If you’re renting out property, you may feel confused about your tax obligations. Here are some of the key facts.
Although letting out property can be a great investment and provide you with a regular income, it can also make your tax affairs much more complicated. You’ll probably need to pay tax when you buy the property, on any income you earn as a landlord and when you sell the property.
This guide explains the principal tax liabilities faced by landlords.
If you’re buying land or property, you’ll need to pay Stamp Duty Land Tax – more commonly known as Stamp Duty. The amount you pay is calculated as a percentage of the property’s value.
Current rates are:
Properties worth less than £125,000 are exempt.
Properties worth between £125,001 and £250,000 are taxed at 1%.
Properties worth between £250,001 and £500,000 are taxed at 3%.
Properties worth between £500,001 and £1m are taxed at 4%.
Properties worth between more than £1m and £2m are taxed at 5%.
Properties worth more than £2m are taxed at 7%.
Properties worth more than £2m bought by corporate bodies are taxed at 15%.
The rate of tax you pay depends on your total taxable income. If you’re a basic rate taxpayer, you’ll pay 20%, while higher rate taxpayers pay 40%. In the current 2013/14 tax year, you pay the higher rate of tax on any earnings above £41,450.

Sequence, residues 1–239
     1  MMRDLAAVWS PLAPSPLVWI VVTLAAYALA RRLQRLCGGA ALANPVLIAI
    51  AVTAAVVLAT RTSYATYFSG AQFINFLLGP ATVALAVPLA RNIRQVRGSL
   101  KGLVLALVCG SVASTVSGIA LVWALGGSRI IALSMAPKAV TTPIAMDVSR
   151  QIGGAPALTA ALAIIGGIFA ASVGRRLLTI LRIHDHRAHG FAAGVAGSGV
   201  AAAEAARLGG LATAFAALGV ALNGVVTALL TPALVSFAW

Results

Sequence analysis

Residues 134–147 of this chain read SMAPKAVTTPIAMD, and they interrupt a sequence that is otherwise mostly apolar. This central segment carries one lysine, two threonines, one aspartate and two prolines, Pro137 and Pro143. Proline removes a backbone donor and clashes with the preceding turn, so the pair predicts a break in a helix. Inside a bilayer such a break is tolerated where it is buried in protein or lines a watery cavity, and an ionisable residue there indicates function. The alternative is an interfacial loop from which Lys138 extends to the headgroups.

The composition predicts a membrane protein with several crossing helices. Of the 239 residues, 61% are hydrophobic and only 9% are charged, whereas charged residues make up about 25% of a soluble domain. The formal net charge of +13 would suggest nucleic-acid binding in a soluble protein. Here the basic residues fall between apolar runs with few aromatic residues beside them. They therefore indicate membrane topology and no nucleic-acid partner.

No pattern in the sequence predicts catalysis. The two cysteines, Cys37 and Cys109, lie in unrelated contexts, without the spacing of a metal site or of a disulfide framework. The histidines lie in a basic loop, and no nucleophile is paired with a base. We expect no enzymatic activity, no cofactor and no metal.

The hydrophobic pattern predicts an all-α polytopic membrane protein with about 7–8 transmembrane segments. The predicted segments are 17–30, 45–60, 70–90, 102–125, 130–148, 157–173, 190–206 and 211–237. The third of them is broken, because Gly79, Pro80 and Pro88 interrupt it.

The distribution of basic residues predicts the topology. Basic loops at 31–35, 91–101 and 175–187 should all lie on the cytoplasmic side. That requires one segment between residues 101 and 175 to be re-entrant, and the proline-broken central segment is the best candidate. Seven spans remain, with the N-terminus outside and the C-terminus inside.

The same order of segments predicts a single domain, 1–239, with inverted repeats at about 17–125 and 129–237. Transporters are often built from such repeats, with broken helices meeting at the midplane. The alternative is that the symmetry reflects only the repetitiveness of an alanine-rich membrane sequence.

It may be worthwhile setting up a separate account for your rental income. This way, your finances as a landlord won’t become confused with any other income and expenses.
Remember, only profits from renting out property are liable for income tax. To calculate your profits, you’ll need to take your total rental income and deduct any “allowable expenses”. This sum is the amount that will be subject to income tax.
HMRC considers any costs that are essential to performing your duties as a landlord or maintaining the property to be “allowable expenses”. As mentioned earlier, offsetting these expenses against your rental income could significantly reduce your income tax bill.
Allowable expenses include:
Interest on a mortgage taken out on the property.
Buildings and contents insurance.
Travel costs to collect rent.
Advertising the property for rent.
Until 2015, you can also claim relief via the Landlords Energy Saving Allowance. Under this system, you can claim for the cost of loft, floor, wall insulation and draught proofing at the property. The maximum you can claim is £1,500 per property.
For more information, see The Energy Saving Trust website.
When calculating your expenses, it’s essential you understand the difference between revenue and capital expenses.
Revenue expenses relate to the day-to-day running and maintenance of the property and can be offset against your income tax bill.
Capital expenses are those that increase the value of a property, such as renovations or adding a conservatory. Such costs can’t be deducted from your income tax bill – though you may be able to offset these against any capital gains tax when selling the property. See below for more information on capital gains tax.